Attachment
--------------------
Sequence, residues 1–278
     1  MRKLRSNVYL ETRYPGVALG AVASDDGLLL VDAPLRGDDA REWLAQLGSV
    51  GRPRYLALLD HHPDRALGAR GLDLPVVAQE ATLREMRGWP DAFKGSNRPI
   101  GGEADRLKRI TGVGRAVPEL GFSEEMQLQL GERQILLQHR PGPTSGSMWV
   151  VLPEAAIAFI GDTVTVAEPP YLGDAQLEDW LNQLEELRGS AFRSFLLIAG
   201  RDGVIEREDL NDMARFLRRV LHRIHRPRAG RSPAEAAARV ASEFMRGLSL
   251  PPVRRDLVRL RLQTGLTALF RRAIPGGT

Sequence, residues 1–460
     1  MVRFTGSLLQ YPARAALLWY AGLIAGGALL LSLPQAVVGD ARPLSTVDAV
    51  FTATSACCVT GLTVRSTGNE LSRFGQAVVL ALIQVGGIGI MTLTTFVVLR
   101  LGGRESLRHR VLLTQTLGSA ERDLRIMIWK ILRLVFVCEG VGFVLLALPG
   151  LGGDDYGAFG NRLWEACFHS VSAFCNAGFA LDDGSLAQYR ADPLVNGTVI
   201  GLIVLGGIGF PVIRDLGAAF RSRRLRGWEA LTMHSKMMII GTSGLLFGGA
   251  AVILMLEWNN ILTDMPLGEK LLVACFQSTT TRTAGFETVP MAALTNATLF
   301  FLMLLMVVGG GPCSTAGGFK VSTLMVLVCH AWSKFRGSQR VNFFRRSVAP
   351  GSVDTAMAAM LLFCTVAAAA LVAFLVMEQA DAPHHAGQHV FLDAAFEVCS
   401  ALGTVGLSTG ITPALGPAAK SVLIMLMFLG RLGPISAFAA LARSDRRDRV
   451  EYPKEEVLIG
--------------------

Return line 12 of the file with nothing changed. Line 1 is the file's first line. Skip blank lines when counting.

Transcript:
   151  LGGDDYGAFG NRLWEACFHS VSAFCNAGFA LDDGSLAQYR ADPLVNGTVI